Highline Medical Center Lays Off 85 Employees


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On Tuesday, Burien’s Highline Medical Center laid off 85 management and staff positions.

CEO Mark Benedum said, “Today is an incredibly difficult and painful day for us. In order to assure our financial stability, we had to reduce 85 management and staff positions at both campuses through a lay-off. In many cases, these are individuals who have given years of service and significant contributions to our organization. This was not an easy decision and it was something I had hoped we would not have to do.”

Like most hospitals both locally and nationally, Highline Medical Center has been hit hard by the declining economy. Highline’s net revenue has been negatively impacted by both a decrease in outpatient volumes and an increase in uncompensated care. These factors led to significant financial losses in December and January and a projected loss in February.

Benedum continued, “We have taken actions to respond to the decline in the economy. While we initially believed that these measures would allow us to manage the economic fall-out, it was not enough. We cannot continue to spend more than we are earning. Continued losses of this magnitude are not an option. We have a responsibility to our patients and the community to reduce our costs and remain financially viable.”

The vast majority of positions that were eliminated were not involved in direct patient care.

Highline Medical Center first opened in 1958 as Burien General Hospital. It now includes two healthcare campuses and more than 20 clinics across Southwest King County. As the tenth-busiest emergency department in the Puget Sound region, Highline serves as the base station for the Burien area emergency medical unit. In 2008, Highline broke ground on a new ER & Patient Care unit, which is slated to open in early 2010.

More information is available at their website: www.highlinemedicalcenter.org.

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Comments

6 Responses to “Highline Medical Center Lays Off 85 Employees”
  1. Jimbo says:

    Did you get that photo from a stock photo service. Please.

  2. btownblog says:

    Is there a problem with using stock photos? Hmmm…I didn't get that memo…

  3. btownblog says:

    Ok, the model in that stock photo, like the victims of the economy, was laid off today…

  4. Lillie says:

    I am truly curious as to how they say that they did not layoff people in direct patient care! when most of the layoffs were LPN’s who were working at the bedside taking care of patients, I.V. team who started IV’s PICC lines(special IV’s ) who are at the bedside and taking care of patient’s IV needs. The Cardiac Rehab has been eliminated which is direct patient care for patient’s who were discharged and need help with diet, exercises etc. to help prevent rehospitilizations. The 24 hr nurse who took calls from patient’s that need help and assist wether or not to come into the hospital for help. These jobs are called “not direct patient care?” Iwant to address how they cannot afford to keep these positions open and have employees working them when they can afford to continue construction on a new ER because we have so many patient’s coming in to seek help, also they are bringing in 40-45 NURSES from the Philipines to come in and work in this building next year in 2010. But they cannot afford there employees to work jobs now? Will it be better in 2010? Will the population suddenly increase to require jobs to be started and filled? What do you think?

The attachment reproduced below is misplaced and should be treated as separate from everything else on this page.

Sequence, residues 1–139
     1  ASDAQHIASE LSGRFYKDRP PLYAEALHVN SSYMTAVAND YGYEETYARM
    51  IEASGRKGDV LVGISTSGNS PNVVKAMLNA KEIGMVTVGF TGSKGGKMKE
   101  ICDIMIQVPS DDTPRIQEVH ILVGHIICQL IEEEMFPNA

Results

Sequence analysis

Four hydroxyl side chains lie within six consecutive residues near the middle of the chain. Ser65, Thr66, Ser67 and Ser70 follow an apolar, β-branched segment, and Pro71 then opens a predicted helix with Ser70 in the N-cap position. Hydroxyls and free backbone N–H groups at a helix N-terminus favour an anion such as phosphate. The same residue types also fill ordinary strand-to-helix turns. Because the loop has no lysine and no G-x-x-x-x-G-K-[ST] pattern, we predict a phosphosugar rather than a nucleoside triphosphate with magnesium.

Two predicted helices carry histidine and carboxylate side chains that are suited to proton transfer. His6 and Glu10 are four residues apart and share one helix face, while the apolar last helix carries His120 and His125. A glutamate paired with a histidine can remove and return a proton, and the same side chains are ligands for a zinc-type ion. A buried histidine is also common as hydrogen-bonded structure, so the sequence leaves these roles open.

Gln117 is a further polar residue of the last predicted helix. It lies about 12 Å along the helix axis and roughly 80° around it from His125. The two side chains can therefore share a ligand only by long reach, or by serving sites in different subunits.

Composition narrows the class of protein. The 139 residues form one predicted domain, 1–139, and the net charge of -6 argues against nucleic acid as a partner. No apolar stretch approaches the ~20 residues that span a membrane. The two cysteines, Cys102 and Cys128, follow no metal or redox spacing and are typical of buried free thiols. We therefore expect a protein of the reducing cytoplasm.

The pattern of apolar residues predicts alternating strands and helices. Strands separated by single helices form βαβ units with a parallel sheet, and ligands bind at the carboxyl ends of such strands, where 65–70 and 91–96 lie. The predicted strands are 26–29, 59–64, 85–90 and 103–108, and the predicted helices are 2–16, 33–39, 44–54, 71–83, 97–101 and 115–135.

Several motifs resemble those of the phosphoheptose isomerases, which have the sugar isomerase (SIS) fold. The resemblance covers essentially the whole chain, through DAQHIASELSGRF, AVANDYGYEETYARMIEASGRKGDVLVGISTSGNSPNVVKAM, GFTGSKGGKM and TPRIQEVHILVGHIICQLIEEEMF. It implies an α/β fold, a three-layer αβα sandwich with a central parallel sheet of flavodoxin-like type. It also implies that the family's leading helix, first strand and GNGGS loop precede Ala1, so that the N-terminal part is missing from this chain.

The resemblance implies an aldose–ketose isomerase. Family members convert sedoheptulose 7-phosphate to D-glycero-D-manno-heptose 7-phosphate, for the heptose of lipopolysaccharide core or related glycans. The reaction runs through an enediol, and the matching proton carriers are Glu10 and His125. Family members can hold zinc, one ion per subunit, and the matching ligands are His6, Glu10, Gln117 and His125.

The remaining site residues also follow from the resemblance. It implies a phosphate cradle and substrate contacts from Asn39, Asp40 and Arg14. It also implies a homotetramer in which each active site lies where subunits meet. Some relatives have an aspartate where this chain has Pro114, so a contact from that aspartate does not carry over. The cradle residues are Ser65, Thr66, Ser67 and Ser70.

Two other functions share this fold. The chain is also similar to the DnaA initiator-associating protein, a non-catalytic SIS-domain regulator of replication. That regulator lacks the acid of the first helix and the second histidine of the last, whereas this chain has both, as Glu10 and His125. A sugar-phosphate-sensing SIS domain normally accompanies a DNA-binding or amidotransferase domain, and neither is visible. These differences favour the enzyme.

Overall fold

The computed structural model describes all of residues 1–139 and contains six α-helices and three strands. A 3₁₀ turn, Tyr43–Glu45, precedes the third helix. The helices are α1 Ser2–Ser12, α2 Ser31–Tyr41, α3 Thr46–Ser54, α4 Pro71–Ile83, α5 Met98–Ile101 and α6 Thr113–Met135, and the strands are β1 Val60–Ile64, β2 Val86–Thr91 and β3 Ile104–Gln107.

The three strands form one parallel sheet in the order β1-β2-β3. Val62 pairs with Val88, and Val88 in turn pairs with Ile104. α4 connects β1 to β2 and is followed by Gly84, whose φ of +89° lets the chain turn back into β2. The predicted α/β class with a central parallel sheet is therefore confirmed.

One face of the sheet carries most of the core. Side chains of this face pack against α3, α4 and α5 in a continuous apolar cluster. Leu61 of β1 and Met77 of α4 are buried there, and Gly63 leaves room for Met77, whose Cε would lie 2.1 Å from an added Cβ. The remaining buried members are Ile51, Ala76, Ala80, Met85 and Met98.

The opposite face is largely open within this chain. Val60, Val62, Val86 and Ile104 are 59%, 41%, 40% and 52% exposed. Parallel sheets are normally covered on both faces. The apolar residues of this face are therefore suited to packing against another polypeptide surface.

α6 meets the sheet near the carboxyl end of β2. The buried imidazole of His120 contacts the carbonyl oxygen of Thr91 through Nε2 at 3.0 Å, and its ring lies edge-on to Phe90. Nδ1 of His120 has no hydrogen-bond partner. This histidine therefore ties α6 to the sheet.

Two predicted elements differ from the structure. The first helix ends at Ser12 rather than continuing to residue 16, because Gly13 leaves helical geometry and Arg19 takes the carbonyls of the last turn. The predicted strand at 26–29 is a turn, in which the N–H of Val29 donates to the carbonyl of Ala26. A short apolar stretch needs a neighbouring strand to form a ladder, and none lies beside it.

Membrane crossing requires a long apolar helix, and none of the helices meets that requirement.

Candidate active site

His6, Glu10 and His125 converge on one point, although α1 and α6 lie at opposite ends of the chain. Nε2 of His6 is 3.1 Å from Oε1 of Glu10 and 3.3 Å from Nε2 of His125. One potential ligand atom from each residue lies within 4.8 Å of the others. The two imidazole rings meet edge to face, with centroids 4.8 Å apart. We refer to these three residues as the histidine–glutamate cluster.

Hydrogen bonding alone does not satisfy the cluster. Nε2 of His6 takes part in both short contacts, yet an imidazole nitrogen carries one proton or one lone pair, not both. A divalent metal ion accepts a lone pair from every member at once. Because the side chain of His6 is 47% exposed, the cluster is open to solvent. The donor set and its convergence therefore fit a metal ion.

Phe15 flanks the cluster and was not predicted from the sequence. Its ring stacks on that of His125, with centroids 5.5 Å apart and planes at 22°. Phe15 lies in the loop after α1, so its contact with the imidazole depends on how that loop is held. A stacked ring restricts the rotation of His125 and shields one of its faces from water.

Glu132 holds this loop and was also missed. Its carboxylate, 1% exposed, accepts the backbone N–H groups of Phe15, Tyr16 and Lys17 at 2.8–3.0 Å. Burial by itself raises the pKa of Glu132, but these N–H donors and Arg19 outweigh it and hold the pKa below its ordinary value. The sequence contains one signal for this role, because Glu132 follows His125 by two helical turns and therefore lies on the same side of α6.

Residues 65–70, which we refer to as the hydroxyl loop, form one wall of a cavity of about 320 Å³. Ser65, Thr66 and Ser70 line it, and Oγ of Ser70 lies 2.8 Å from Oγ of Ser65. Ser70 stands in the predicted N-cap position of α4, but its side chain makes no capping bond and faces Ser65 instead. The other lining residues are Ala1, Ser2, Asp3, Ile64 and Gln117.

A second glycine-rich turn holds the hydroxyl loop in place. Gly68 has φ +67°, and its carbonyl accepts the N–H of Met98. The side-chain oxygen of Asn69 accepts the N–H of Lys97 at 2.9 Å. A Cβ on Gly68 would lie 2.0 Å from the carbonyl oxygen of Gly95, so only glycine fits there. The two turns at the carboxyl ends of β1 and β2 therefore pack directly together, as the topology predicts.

5. Jon says:

    I am truly curious as to how they say that they did not layoff people in direct patient care! when most of the layoffs were LPN’s who were working at the bedside taking care of patients, I.V. team who started IV’s PICC lines(special IV’s ) who are at the bedside and taking care of patient’s IV needs. The Cardiac Rehab has been eliminated which is direct patient care for patient’s who were discharged and need help with diet, exercises etc. to help prevent rehospitilizations. The 24 hr nurse who took calls from patient’s that need help and assist wether or not to come into the hospital for help. These jobs are called “not direct patient care?” Iwant to address how they cannot afford to keep these positions open and have employees working them when they can afford to continue construction on a new ER because we have so many patient’s coming in to seek help, also they are bringing in 40-45 NURSES from the Philipines to come in and work in this building next year in 2010. But they cannot afford there employees to work jobs now? Will it be better in 2010? Will the population suddenly increase to require jobs to be started and filled? What do you think?

  6. Emily says:

    Buyer Beware for Highline Medical Center
    Highline Medical Center Complaint by EmilyHill

    You were reading a complaint about Highline Medical Center.

    If you are smart enough to read this site, BEFORE you check in to Highline Medical Center, you are smart enough NOT TO GO to Highline Medical Center. They are a ‘regional’ hospital with send-out service for most lab tests – a downtown Seattle hospital will have in-house labs [translation: my sister waited FOUR days for a diagnosis of appendicitis while writhing in pain at Highline Medical [appendicitis! easy, right?? NOT for Highline Medical Center;

    by the time the surgeon operated, her appendics had perforated and her recovery IN THE HOSPTIAL BED was one month! Highline Medical rates an 85% on national reviews for ability to diagnosis ailments [not good!most hospitals are getting 98%-100% ratings]. Buyer Beware!

    Solution?? Call 911 and zip up to ANY Seattle hospital for better care than this outfit

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